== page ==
NW Iowa bucks national recession trend
While gloom and doom are the rule for national economic prognosticators who say the nation’s economy is on a slippery slope toward a recession, that’s not the case for Iowa, and particularly northwest Iowa, which is breaking all the trends — and the rules.
In its February survey, the Creighton Economic Forecasting Group offered up its gauge of business conditions throughout the Midwest. The group uses an index between 0 and 100. A number over 50 predicts an expanding economy over the next three to six months.
While the confidence index for Mid-America Business Conditions overall dropped to 37.8 in January, Iowa’s Business Conditions Index rose to an average of 54.7. That number includes a score of 60 for new orders, 60.1 for production, and 53.3 for employment. The two areas under 50 points were 42.9 for delivery lead time and 46.4 for inventories.
Ironically, Iowa may be directly benefitting from the national economic slowdown. A weak dollar has helped spike food exports, cementing the state’s economic health.
Site Selection Magazine in its March issue chose Sioux City as the nation’s top metro area with a population less than 200,000 as the best place to start a business.
What really put Sioux City over the top was an announcement by Hyperion Energy Center that it is seriously considering neighboring Union County, South Dakota as the location for its $10-billion oil refinery. It would be the second-largest capital investment in U.S. history. Dallas-based Hyperion Resources in December filed an application to rezone 3,882 acres from agricultural to a proposed Energy Center Planned Development District.
Hyperion officials cite 4,500 construction jobs and 1,800 permanent jobs resulting from the plant with a $13.7 billion impact on the local economy.
Hyperion would pay between $20 and $30 an hour. The plant, about eight miles east of Vermillion, S.D., would be the first built in the U.S. in more than 30 years and would refine 400,000 barrels of Canadian crude per day into gasoline and diesel.
Another reason for naming the Sioux City metro area as the top candidate was a $400-million expansion announced by Beef Products International for its South Sioux City plant.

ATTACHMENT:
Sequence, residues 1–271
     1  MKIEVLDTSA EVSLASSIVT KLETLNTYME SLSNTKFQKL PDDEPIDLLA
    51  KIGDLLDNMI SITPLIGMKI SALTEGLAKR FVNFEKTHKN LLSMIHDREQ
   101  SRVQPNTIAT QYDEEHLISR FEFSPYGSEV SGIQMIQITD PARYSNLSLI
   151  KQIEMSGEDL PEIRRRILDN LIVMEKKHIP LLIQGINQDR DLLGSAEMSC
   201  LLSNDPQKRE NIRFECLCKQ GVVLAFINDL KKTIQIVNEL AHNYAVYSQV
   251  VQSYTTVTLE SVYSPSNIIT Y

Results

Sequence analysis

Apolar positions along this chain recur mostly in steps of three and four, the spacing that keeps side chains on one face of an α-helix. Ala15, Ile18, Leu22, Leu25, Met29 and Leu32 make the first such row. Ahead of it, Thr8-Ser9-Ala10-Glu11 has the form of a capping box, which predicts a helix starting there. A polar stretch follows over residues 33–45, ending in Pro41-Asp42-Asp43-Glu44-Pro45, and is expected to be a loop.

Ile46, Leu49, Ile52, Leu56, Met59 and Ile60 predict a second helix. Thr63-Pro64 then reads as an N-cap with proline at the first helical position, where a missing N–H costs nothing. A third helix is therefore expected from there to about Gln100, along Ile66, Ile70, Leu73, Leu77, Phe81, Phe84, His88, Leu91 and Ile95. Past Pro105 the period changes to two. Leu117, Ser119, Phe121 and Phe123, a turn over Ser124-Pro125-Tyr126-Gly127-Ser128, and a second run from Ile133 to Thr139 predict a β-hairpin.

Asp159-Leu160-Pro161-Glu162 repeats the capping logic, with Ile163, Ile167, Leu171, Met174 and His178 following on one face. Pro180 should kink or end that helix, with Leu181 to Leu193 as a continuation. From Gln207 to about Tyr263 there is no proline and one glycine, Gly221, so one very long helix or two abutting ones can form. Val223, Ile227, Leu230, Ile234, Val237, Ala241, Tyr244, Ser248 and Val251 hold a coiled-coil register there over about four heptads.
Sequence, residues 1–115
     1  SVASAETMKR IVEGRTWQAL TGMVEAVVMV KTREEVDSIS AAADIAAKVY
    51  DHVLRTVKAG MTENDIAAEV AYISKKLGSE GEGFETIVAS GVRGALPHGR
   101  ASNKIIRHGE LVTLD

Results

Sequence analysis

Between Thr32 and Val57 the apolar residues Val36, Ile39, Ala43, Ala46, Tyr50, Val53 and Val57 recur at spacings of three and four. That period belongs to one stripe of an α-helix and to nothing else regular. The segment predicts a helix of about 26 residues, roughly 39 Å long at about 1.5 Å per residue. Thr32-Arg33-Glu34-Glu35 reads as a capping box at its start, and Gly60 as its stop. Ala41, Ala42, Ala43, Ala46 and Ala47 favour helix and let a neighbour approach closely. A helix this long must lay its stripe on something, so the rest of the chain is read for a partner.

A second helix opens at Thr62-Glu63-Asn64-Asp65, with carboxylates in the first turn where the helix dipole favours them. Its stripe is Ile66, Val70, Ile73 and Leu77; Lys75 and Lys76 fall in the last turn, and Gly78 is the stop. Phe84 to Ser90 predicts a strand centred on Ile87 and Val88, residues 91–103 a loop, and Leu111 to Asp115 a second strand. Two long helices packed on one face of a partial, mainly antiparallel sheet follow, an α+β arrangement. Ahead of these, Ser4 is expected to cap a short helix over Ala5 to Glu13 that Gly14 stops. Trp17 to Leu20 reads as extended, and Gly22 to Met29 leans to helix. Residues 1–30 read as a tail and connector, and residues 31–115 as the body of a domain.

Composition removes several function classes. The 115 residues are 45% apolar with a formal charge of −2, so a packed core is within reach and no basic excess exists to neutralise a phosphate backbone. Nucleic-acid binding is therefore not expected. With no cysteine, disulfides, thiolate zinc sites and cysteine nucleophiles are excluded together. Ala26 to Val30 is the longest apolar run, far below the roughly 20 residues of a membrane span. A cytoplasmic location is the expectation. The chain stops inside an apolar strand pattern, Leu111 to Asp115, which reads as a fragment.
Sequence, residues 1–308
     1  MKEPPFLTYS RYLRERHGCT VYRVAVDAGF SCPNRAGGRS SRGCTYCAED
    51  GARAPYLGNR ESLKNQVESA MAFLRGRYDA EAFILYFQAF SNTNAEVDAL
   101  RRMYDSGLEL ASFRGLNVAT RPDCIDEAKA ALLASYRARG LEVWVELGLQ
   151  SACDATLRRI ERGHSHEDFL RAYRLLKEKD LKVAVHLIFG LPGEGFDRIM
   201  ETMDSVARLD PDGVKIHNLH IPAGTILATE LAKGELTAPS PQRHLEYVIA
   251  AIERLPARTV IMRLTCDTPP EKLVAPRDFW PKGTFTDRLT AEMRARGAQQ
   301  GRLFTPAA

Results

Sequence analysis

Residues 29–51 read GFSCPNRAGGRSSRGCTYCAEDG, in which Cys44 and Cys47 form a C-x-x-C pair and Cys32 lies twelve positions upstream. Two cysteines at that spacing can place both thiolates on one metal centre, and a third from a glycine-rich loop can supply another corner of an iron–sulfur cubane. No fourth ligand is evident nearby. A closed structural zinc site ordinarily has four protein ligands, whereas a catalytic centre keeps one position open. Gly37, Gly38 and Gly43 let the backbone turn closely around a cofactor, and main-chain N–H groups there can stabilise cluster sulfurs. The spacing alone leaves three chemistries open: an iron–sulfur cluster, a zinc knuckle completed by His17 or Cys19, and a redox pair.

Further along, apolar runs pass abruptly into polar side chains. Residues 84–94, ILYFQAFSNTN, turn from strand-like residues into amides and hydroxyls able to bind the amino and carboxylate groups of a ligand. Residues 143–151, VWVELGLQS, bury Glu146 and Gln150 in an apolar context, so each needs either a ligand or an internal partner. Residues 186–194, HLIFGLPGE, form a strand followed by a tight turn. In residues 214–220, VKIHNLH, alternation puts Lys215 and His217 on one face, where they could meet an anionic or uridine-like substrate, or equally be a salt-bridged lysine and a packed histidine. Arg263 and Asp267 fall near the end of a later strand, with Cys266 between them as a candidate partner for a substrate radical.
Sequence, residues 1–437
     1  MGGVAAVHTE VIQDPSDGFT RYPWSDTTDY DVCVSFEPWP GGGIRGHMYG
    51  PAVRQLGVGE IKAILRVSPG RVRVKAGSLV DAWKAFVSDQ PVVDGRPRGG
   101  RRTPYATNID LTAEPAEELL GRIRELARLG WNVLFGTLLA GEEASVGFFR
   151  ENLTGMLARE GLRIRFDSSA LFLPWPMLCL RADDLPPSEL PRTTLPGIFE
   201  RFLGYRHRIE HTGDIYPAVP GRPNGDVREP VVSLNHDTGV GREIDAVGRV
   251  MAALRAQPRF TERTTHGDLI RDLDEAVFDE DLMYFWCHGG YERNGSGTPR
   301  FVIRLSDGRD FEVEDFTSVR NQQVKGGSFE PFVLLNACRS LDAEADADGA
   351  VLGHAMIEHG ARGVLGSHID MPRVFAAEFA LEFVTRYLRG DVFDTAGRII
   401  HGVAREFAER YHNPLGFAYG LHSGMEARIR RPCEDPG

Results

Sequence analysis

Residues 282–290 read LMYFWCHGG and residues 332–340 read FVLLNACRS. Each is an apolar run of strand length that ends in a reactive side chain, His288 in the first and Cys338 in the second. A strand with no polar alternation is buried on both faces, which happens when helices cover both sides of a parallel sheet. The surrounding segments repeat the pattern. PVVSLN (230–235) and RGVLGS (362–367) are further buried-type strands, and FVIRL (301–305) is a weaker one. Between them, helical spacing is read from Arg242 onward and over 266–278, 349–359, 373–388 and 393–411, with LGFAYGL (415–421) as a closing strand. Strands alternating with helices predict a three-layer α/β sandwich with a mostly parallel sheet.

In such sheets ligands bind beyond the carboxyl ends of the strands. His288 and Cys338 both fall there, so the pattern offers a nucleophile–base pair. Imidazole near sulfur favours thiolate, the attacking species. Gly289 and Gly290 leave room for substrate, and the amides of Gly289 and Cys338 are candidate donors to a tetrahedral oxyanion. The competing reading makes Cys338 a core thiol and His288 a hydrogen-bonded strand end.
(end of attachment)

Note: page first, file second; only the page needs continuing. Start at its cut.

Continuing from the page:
One big beneficiary of the Hyperion refinery would be the Jefferson-Elk Point School District. The school of approximately 700 students total in grades K-12 will get $20.4 million annually in additional property taxes from the refinery. (Did anyone say teacher raises?)
While Estherville has survived the housing crash that has hit elsewhere in the country, the talk of a housing slump nationally has made people more conservative in general, according to Edith Clarken of Clarken Auction and Real Estate.
“It’s just not that bad here,” Clarken said. She noted that negative talk about the national economy “doesn’t do anybody any good” where the economy is faring better.
While February traditionally is a slump in the real estate market, Clarken said the spring market looks extremely brisk.
“We are just stacked,” Clarken said. “April looks absolutely wonderful.”
Clarken agreed that the national economy though could be on the skids. On a flight to and from Paris last month she couldn’t help but notice that the plane was at half capacity. She attributed much of that to the fact that the exchange rate was 1.4 Euros to the dollar.
On the bright side, that means more foreign visitors coming to the U.S.
“I’m sure they’re coming here,” Clarken said. “America is on sale.”
“We’ve been as busy in January and February as we were in the middle of the summer last year,” said Nancy Petersen at Petersen Real Estate. “I think things are going really fine here. I think we are very blessed to live in a part of the country that’s still affordable. it’s the one place in America where the American dream of home ownership can come true.”
While homes are still affordable in Estherville, homes are also maintaining their value, unlike other parts of the country where housing values have plummeted 40 percent or more.
“There’s a greater demand for houses than we have houses available,” Petersen said. “People know this is a great place to go. I feel very optimistic about a very good year for 2008.”
Al Blum, chairman of the Estherville Industrial Development Corporation, said Estherville is poised for growth given the state’s role in the renewable energy industry.
“I wouldn’t want to live anywhere else than northwest Iowa right now,” Blum said.
Blum said ethanol, biodiesel, and wind energy, and their associated industries, are driving the economy.
“It’s an energy-driven economy that we have and we have all the energy here,” Blum said.
Blum said economists across the board figure for a five- to 10-year economic surge for Iowa as it places its bets on renewable energy.
Blum also sees a strong upside for the real estate sector locally.
“There just is a market for housing that’s better than anywhere else in the country,” Blum said.